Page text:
Richard Sharp confesses to being a member of the "Silent Generation," the subject of his current fiction writing. Born in the 1940s into a farming family who had migrated to rural Colorado from Oklahoma during the Dust Bowl, he traveled east as a young adult to receive degrees from Harvard and Princeton Universities. His writing is enriched from career experiences across America and in some four dozen countries, spanning the Vietnam War era through the present. Following years in the Washington, DC area, with assignments mainly in Asia, Africa, Latin America and the former Soviet Union, Mr Sharp now resides in Charlotte, North Carolina. The Duke Don't Dance is his third novel written for personal pleasure, but the first to be published.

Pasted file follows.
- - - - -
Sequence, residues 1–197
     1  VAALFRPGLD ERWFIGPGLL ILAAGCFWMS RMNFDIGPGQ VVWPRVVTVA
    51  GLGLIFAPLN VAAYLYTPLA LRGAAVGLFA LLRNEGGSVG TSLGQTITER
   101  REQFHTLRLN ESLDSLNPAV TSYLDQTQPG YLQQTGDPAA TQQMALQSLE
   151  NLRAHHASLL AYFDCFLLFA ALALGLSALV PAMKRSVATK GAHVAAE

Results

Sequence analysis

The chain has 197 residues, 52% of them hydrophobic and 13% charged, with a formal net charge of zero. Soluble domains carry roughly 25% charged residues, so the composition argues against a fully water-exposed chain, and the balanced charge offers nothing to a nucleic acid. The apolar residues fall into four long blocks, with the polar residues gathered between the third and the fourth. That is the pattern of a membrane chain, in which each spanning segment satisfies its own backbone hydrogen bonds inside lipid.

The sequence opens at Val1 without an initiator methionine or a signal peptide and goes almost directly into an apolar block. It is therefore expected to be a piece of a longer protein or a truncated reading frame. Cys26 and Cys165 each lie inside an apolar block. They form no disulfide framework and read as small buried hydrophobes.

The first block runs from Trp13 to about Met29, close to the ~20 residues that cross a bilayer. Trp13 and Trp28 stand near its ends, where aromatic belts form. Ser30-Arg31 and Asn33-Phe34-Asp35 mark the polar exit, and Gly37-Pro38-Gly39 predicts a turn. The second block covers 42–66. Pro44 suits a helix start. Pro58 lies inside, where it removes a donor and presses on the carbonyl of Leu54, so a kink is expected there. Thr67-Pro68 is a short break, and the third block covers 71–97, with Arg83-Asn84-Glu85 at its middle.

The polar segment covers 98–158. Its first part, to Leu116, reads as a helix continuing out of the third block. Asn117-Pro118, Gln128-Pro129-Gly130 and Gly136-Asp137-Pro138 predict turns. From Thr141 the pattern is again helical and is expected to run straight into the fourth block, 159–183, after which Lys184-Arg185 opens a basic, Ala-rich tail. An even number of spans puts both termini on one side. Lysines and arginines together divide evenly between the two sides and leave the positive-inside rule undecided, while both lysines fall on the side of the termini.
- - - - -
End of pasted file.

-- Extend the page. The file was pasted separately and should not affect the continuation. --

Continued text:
Sharp's preoccupation as a novelist is with tracing over time his protagonists' attitudes and emotions as they evolve with the changing culture of their generation - or, despite the advance of life, their stubborn adherence to spirits that served them well at critical junctures in their personal histories. Love may not be time's fool, as the sonnet reads, but those who populate his pages are fools in some respects, wise in others, but mostly tenacious in defending both inclinations. Sharp's characters are not static and they are neither heroes nor villains. His writing is based on the premise that few men or women can be solely one or the other over the decades, no matter how hard they try, but some may find redemption in the journey. Or, at least learn to be amused by it.
Sharp's writing is sihnificantly influenced by the novels of Isabel Allende, who has a strong focus on the evolution of her protagonists over time and space over time and space. Other infouence rang from Josph Heller, through Bertolt Brecht and Oscar Wilde to the poetry of Jim Morrison, frontman of the Doors
Birth Place: Canon City, CO USA